Finally came the assertion that the general population did not profit from this trade, only select individuals. We did mention that several prominent Irish people were firmly and vociferously opposed to the slave trade, Daniel O’Connell and the Society of Friends among them, but this does not mean that the Irish economy did not benefit from money that had been tainted by slavery. There were newspaper articles and parliamentary debates right through this period about the concerns raised by the farming methods used by sugar plantations around the world – contemporary culture was very aware of where the sugar, cotton and tobacco they were using was coming from, but these products kept on pouring into the ports of this country. Sugar was bought with the money made from selling goods that were knowingly produced as provisions for slave plantations – butter, beef, pork, leather, all key industries in Ireland and particularly in the South East. For this reason, every merchant who purchased sugar, every sailor who procured it, every shopkeeper that sold it in their stores, every middle to upper class consumer, every confectioner, every tea and coffee house owner, everyone who sold or purchased tobacco, every individual who wore cotton clothes or used slave-produced cotton in their textile houses – every one knowingly and happily benefited from the Transatlantic Slave Trade. The injection of cash into the Irish economy from all of this is evident and is further proof that the Irish participated, profited and benefited from black slavery.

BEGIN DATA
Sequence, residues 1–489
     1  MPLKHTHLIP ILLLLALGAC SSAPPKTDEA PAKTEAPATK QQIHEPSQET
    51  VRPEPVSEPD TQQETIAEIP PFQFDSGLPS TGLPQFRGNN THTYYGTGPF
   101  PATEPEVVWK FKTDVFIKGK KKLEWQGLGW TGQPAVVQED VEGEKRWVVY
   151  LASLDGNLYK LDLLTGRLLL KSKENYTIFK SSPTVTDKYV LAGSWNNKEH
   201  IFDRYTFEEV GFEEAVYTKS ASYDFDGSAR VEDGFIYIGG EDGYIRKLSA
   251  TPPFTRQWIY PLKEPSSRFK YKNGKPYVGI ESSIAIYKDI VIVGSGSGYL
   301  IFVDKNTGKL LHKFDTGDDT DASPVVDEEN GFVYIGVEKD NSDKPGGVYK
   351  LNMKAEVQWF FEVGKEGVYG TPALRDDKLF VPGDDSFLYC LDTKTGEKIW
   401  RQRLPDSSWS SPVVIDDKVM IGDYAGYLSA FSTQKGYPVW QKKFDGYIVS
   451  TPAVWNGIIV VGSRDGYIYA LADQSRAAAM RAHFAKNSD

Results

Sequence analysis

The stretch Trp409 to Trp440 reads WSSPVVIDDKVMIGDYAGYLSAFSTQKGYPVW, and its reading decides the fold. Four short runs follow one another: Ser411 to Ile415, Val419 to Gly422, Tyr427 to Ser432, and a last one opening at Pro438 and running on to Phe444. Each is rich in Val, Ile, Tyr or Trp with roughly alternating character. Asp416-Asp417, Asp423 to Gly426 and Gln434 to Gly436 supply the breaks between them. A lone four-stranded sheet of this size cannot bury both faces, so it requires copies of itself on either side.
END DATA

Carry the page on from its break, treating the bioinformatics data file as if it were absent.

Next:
This blog never sought to eradicate the complex history of Ireland’s relationship with indentured servitude, merely to educate people on the fact that history is never black and white. History is written with baggage and emotional bias, which is why topics like this can be frustrating, uncomfortable and even offensive to read – especially for the Irish who have such a complicated relationship with Britain and forced labour themselves. However, our own suffering does not absolve our ancestors of their actions and does not erase the clear documentary evidence of Irish involvement in the Transatlantic Slave Trade.

Further Reading:

The Irish Slave Myth: https://en.wikipedia.org/wiki/Irish_slaves_myth

Nini Rodgers, The Irish and the Atlantic Slave Trade, https://www.historyireland.com/18th-19th-century-history/the-irish-and-the-atlantic-slave-trade/

Daniel O’Connell and Slavery, https://www.historyireland.com/18th-19th-century-history/a-consistent-advocate-of-nigger-emancipationdaniel-oconnell-and-the-campaign-against-slavery/

Liam Hogan, Following the money – Irish slave owners in the time of abolition, https://www.thejournal.ie/readme/irish-slaveowners-compensation-1587899-Jul2014/

The Tuohy Papers at the British Online Archives, https://microform.digital/boa/collections/5/volumes/26/the-tuohy-papers